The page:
Individual accolades get overlooked by the success of the team — rightfully so, when it comes to the Patriots' dynasty of the 21st century.
Beyond the six Super Bowl titles are countless Pro Bowl nominations, First Team All-Pro nods and Tom Brady's three league MVP honors. One notable box hasn't yet been checked off, but it sure feels like that's about to change.
Following his two-interception performance in Cincinnati on Sunday, Stephon Gilmore should be considered the frontrunner for the NFL Defensive Player of the Year award.
In-depth news coverage of the Greater Boston Area.
Gilmore, an All-Pro last season for New England, has been even better in 2019. He's tied for the league lead in interceptions, with six, returning two of them for touchdowns. He leads the NFL in passes defended, as well, with 18.
Opposing quarterbacks who continue to target Gilmore are merely doing so out of desperation. He's been targeted 84 times through 14 games, none of which have resulted in a touchdown – the most targets of any player leaguewide without allowing a score. When throwing in his direction, quarterbacks have a 12.2 passer rating on the season.
Joejuan Williams is all aboard the Gilmore for DPOY train, tweeting as much on Sunday.
"I'm obviously biased cause I play with him, but yeah," Jarrett Stidham said in the locker room on Tuesday. "He's a really good corner, he's got great ball skills. He can read receivers really well. It's fun going against him every day. He's one of the best there is. You get to see him do things on a daily basis."
Perhaps the only thing Gilmore has going against him in his quest to become the first player in franchise history to earn DPOY honors is a seeming bias against defensive backs. No defensive back has been named DPOY since safety Troy Polamalu for the Steelers in 2010, and no cornerback since Charles Woodson for the Packers in 2009.
Only five corners have won the award in all since its creation in 1971, none more than once — not even Deion Sanders.
Gilmore has most certainly been good enough to end the drought at corner. While he hasn't exactly been lined up against 2007 Randy Moss or 1995 Jerry Rice every week, Gilmore has shut down basically every challenge thrown his way. Amari Cooper, who's tied for eighth in the NFL in receiving yards with 1,073, was held without a catch against Gilmore and New England in Week 12.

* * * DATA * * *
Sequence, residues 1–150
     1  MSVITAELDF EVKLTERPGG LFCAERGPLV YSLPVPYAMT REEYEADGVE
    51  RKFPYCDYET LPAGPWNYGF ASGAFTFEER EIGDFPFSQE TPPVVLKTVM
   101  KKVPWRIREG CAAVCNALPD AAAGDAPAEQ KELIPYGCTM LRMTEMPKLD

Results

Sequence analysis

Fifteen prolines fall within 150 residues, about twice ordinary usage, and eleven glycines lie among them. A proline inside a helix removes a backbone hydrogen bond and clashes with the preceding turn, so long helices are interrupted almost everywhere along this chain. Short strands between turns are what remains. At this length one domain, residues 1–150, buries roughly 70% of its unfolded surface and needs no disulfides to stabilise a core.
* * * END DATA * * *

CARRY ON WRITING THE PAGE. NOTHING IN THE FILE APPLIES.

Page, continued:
DeAndre Hopkins, sixth with 1,142 yards, had a pedestrian five-catch, 64-yard outing vs. Gilmore in Week 13. Other top receivers in the league such as Odell Beckham Jr. (five catches, 52 yards) and Sammy Watkins (four catches, 50 yards) were likewise held in check by Gilmore.
"Steph works extremely hard, but I think he'd be the first one to tell you that at the position he plays, you're only as good as your last play or your last game," Bill Belichick said in a conference call Monday. "So, whatever did or didn't happen some other week or in the past is really meaningless for this game, and it's about this week's matchup, and that can turn in a hurry."
Another thing Gilmore has in his favor is that he's a member of the league's top defense. New England's secondary, in particular, has been one of the top position groupings in the league, limiting opposing quarterbacks to a 57.4 passer rating — the top mark in the NFL by nearly 20 points.
"I think there's plenty of [Defensive Player of the Year] candidates on this team," third-string quarterback Cody Kessler noted.
Voters have tended to look favorably upon players who are members of playoff teams, too. JJ Watt was the last player on a non-playoff team to win DPOY, in 2014, and the Texans still finished a respectable 9-7. Not since 2006 as a player from a losing team won DPOY: old New England nemesis Jason Taylor, then with the Dolphins.
Both Watt and Taylor were sack artists, among other things, in the years they won the award. Watt recovered five fumbles on top of 20.5 sacks and also had an interception return for a touchdown, while Taylor had a league-high nine forced fumbles and two defensive touchdowns to go along with 13.5 sacks.
The NFL's two sack leaders to date in 2019 are Shaquil Barrett (16.5) and old friend Chandler Jones (15), each of whom are tied for the league lead in forced fumbles as well, with six. Thing is, they're playing for teams with horrible defenses in Tampa Bay (7-7) and Arizona (4-9-1). The Bucs and Cardinals are tied for 30th in the league in scoring defense, while Tampa is a middling 15th in total yards allowed and Arizona is dead last.
For as much of an impact as they've made as individuals, they're sacking quarterbacks in a forest without a sound.
Tre'Davious White of the Bills — who essentially replaced Gilmore in Buffalo after he signed with the Patriots in 2017 — also has six picks. Patriots teammates Devin McCourty and J.C. Jackson have five interceptions apiece, as do Minkah Fitzpatrick, Marcus Peters and Anthony Harris.
All of them are fine candidates and all of them are on teams that will finish with winning records. McCourty, in particular, has a strong case to be a First Team All-Pro at safety for the first time in his 10-year career.
None have affected their teams in quite the same fashion Gilmore has.
"He doesn't play everybody the same," Phillip Dorsett said on Tuesday. "He knows his matchups. It's a mind game. You both have plans when you're lined up across from each other. He can be physical, he can be technical, he can be savvy. He has a lot of different ways to play you. I think that's why he's so good."
Rookie receiver Jakobi Meyers summed it up nicely when it comes to the soft-spoken corner's candidacy.
"The numbers speak for themselves, even if he won't," Meyers said.